Tusk: defeat or victory for Cameron?

After all the fuss about Juncker, it was striking how little comment there was in Britain about the choice of Donald Tusk to be the next President of the European Council (the person chosen by prime ministers and presidents to chair their “summit” meetings). BBC TV news the next morning didn’t even mention it in its coverage of the meeting, and the Telegraph predictably tried to spin it as as a personal victory for Cameron — a perspective that, sadly, flies in the face of the facts.

The choice of Tusk has all the hallmarks of another defeat for Cameron. True, he minimised the damage by converting to Tusk at the last minute — something that he conspicuously failed to do in the case of Juncker, where he fought a high-profile battle well after it was clear he was going down to a humiliating defeat, presumably for no other reason than to please his backbenchers.

But Tusk was certainly not Cameron’s choice. After all, just a couple of months ago, Tusk took him to task on his scapegoating of Polish migrants in Britain:

The Polish prime minister has lashed out at David Cameron’s calls to scrap the overseas payments of child benefit for the children of UK-based immigrants, calling them “unwarranted and unacceptable”. … “We will not agree to changes that would stigmatise any particular national minority,” Mr Tusk declared. “Prime Minister Cameron has the right to change the rules in his country but they must apply to all beneficiaries of the system; not just a specific group. Nobody has the right to single out Poles as a particular group that abuses or exploits something.”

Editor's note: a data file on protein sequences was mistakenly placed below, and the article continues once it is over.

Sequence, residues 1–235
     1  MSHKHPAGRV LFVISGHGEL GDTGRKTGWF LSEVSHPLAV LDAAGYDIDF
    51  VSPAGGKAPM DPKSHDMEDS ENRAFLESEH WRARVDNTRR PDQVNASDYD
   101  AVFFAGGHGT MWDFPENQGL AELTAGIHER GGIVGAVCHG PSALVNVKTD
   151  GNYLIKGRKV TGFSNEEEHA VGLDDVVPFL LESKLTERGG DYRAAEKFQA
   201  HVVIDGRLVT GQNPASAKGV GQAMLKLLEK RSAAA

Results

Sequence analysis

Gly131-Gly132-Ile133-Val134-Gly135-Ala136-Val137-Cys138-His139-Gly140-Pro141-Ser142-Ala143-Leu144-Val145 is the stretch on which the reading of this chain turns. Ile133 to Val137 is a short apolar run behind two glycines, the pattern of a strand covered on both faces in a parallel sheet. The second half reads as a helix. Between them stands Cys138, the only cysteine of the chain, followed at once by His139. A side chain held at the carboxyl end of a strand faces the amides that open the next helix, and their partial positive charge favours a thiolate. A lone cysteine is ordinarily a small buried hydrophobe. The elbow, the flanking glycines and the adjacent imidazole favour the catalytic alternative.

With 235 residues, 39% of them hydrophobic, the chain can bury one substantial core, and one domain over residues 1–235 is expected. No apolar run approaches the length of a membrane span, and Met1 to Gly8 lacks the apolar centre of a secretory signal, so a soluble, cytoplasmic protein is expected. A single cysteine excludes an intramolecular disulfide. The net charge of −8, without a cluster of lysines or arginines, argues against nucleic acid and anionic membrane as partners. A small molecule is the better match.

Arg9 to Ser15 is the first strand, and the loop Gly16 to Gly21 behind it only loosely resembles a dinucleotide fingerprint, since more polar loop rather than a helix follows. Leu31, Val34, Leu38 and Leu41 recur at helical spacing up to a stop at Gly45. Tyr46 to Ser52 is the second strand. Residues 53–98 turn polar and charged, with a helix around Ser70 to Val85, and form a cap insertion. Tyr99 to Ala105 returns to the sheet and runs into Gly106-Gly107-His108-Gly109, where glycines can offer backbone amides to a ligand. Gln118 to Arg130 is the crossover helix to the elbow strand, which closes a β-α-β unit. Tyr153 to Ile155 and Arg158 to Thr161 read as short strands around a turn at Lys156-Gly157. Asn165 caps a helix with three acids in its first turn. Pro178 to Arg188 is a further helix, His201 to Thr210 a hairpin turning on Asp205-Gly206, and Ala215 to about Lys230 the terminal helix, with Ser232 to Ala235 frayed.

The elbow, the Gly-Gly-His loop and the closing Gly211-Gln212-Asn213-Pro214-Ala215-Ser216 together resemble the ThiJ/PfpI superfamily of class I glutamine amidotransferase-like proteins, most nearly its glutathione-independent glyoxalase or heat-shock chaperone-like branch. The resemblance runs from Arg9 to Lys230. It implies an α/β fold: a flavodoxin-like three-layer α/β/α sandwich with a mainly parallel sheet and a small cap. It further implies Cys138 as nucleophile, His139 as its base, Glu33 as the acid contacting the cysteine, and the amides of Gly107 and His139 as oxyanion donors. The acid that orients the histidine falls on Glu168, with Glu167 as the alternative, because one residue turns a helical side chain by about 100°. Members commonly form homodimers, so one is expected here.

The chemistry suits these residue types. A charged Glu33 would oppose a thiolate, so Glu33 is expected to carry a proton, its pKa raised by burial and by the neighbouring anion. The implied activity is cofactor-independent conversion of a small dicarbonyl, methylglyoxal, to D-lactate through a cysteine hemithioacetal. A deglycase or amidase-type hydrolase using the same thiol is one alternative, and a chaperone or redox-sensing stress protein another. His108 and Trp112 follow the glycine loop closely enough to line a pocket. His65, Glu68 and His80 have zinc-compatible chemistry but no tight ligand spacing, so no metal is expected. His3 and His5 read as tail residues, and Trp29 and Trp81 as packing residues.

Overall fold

And when the famous tape recordings were released of the conversations about Cameron between Tusk and his Foreign Minister Sikorski, the exchange about Cameron was damning:

It’s either a very badly thought through move, or, not for the first time, a kind of incompetence in European affairs. Remember? He fucked up the fiscal pact. He fucked it up. Simple as that. He is not interested, he does not get it, he believes in the stupid propaganda, he stupidly tries to play the system.

In other words, Cameron surely had far more grounds to be wary of Tusk than of Juncker — who, after all, had announced early in the election campaign that he saw addressing British concerns as one of his priorities.

But, this time, he chose to back down quickly. Shame that no-one in the British media seems to have noticed.

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